David Garrett - Virtuoso
Review by Jack Foley
HE’S been dubbed the David Beckham of the violin and, to be fair, the cover shots do little to suggest that violin sensation David Garrett is unhappy with that tag. But while Beckham dazzles with his feet, Garrett is all about his fingers and Virtuoso is a masterclass in classical music, made appeal-worthy to the masses.
Part maverick, part genius, total virtuoso, the 25-year-old Garrett has released the LP to reflect the various musical tastes that have come to inspire him, whether its through his own interpretations of popular classics such as Carmen and Paganini, or classic film themes, including Morricone’s La Califfa ot Bernstein’s Somewhere.
No matter what he’s playing, though, Garrett excels and the best thing that can be said about the album is that it’s fun and capable of a much wider appeal than just fans of classical music.
Take his brilliant interpretation of Carmen Fantaisie, with Paco Pena, that’s a firm album highlight; one that’s delivered with plenty of South American passion, as well as a vibrancy and enthusiasm that’s utterly addictive.
Likewise, the fun, frivolous Csardas – Gypsy Dance, which begins slow, only to set a lovely pace that’s evocative of Hungarian travellers dancing over camp-fires.
Duelling Banjos, meanwhile, is an absolute romp – a virtuoso game of musical one upmanship between a flamenco influenced acoustic guitar and Garrett’s own dazzling violin. Early on, it’s particularly playful and prone to delivering much delight, before going utterly nuts for the frenzied, almost moonshine middle section.
It’s moments like these that ensure the album catches you off guard and fall for its charms, no matter how sceptical you may have been in the first place.
But as energetic and lively as Virtuoso can be, there’s also moments of serene beauty, in which Garrett’s violin positively weeps. Album opener La Califfa, from Morricone, is both cinematic and breathtakingly beautiful, while his version of Pachelbel’s Canon is a virtual masterclass.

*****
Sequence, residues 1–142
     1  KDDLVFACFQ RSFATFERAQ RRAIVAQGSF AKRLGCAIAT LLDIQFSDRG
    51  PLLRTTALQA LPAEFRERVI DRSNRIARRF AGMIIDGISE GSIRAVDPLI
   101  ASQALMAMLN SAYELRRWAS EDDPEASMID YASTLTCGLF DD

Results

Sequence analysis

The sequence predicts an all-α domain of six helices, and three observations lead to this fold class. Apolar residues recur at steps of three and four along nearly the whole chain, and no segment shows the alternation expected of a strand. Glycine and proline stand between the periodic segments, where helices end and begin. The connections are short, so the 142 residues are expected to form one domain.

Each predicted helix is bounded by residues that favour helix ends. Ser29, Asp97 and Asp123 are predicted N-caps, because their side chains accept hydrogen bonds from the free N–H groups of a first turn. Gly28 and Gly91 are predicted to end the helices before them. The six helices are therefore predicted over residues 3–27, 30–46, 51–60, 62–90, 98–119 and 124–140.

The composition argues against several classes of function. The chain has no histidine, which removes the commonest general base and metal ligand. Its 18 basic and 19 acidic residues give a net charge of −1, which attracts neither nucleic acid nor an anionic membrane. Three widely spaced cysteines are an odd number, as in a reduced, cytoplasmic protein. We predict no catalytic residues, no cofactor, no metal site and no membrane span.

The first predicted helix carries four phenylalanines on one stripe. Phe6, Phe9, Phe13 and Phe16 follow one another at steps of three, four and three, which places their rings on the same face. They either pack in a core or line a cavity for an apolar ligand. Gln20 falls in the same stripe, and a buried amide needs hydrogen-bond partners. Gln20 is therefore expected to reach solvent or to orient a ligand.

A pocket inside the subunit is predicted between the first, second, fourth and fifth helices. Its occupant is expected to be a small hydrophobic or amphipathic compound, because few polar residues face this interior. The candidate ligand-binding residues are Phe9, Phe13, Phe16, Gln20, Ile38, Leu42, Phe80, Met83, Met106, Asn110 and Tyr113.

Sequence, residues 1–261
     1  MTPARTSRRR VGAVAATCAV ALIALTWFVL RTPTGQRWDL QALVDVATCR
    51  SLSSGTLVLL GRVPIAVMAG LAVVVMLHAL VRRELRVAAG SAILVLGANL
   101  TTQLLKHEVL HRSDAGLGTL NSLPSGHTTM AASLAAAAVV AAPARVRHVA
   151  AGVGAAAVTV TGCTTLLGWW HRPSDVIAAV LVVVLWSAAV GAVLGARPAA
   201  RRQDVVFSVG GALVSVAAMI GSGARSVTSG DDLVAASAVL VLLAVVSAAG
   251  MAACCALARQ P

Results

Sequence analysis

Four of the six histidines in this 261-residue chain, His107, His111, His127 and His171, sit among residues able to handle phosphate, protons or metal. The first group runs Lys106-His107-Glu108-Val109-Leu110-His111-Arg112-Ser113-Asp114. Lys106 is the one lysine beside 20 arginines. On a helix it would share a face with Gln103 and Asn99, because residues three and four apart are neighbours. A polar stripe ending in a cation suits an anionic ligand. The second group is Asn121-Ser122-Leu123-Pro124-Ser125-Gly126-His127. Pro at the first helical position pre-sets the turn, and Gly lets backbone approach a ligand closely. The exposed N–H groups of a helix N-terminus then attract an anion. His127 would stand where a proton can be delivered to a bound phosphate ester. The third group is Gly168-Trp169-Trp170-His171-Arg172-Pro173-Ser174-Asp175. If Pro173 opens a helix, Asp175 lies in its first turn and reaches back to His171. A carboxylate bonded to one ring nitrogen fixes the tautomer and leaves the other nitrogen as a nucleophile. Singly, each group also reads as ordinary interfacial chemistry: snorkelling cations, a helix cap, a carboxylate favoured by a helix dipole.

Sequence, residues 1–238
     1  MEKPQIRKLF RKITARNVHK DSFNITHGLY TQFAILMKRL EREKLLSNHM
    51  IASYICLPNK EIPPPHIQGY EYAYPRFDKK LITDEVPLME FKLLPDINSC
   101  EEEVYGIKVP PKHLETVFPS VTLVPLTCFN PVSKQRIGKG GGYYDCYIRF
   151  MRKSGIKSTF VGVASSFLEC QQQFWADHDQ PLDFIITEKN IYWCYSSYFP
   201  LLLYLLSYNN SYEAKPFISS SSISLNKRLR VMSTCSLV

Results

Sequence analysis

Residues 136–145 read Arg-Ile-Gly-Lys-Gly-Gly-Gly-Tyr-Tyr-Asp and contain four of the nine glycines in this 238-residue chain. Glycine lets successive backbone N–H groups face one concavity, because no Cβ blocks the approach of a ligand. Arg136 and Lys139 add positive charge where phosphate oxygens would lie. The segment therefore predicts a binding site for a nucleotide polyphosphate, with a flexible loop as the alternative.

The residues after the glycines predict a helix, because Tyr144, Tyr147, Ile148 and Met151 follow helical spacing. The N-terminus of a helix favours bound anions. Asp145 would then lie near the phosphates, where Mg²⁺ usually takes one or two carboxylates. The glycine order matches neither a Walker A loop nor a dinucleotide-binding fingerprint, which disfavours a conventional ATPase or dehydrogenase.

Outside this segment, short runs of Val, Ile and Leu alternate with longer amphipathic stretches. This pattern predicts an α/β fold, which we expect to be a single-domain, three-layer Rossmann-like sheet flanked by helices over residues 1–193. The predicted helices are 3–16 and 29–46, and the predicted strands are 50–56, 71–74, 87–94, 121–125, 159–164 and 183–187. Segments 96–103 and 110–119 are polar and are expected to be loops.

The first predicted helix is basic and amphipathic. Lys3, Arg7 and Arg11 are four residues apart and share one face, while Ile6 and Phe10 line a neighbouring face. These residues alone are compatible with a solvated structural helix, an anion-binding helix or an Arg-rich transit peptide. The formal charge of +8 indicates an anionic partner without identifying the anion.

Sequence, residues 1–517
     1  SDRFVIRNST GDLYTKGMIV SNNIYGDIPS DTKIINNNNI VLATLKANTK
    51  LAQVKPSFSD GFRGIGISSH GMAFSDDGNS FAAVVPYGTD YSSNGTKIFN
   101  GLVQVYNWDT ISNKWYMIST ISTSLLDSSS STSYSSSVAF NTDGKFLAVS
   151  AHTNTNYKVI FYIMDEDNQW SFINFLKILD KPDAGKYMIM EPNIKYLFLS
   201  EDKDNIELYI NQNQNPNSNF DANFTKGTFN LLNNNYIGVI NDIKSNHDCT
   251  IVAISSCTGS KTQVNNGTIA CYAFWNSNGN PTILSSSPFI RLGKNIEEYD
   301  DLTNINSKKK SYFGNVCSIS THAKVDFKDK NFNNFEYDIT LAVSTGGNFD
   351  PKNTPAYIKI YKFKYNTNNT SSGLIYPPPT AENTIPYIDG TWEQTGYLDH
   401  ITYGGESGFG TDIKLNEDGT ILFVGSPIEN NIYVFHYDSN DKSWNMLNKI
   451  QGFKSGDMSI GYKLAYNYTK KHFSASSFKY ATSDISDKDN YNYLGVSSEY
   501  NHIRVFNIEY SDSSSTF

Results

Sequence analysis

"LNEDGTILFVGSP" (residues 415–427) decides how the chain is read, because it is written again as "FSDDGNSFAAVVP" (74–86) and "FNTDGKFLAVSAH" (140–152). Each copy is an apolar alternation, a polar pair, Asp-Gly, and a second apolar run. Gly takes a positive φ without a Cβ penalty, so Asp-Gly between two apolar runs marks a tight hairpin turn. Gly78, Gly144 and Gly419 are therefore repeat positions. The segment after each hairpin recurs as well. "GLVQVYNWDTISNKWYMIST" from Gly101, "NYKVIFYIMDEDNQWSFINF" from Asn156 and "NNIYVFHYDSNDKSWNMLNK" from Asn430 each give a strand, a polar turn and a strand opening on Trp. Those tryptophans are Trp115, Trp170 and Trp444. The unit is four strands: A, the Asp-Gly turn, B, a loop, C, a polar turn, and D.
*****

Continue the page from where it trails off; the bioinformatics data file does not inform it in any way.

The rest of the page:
Paganini Rhapsody will, of course, be familiar to anyone who watches The South Bank Show – and delights for exactly that reason. While Somewhere is terrific for lazy, hazy Sunday afternoon listening and an exquisite interpretation of the West Side Story classic.
And let’s not forget Garrett’s thrilling delivery of The Flight of The Bumble Bee which is as brilliant in CD form as it’s said to be live.
There are moments, late on, when the album loses momentum – his version of You Raise me Up felt a little overwrought to this particular listener – while some of his own compositions, such as Eliza’s Song and Toccate, take a little more getting used to. But they continue to underline just how talented the guy is.
And he’s been surprising people since before he was four-years-old, when his father first gave him a violin because he was having a tantrum caused by the fact that his older brother had a violin teacher. Without any lessons, the toddler picked it up and began playing.
Fast forward just four years and David was already one of the foremost violinists in the world working with the most celebrated teachers and performing solos with legendary orchestras and conductors.
With his natural talent, the input of the finest music teachers in the world and a spirit unusual in the sometimes fusty world of classical music, David has never looked back and has been able to command audiences with Popes, princes and presidents (the German President saw David when he was just 11 and was so impressed he actually set about securing him a priceless 1718 Stradivarius: “I used to leave violins on buses and in hotel rooms when I was younger, but not this one”)…
If you haven’t had chance to hear him already, then Virtuoso offers the perfect place to start.
Downloack picks: La Califfa, Carmen Fantasie, Csardas – Gypsy Dance, Duelling Banjos, Somewhere (West Side Story), The Flight Of The Bumble Bee, Pachelbel’s Canon, Paganini Rhapsody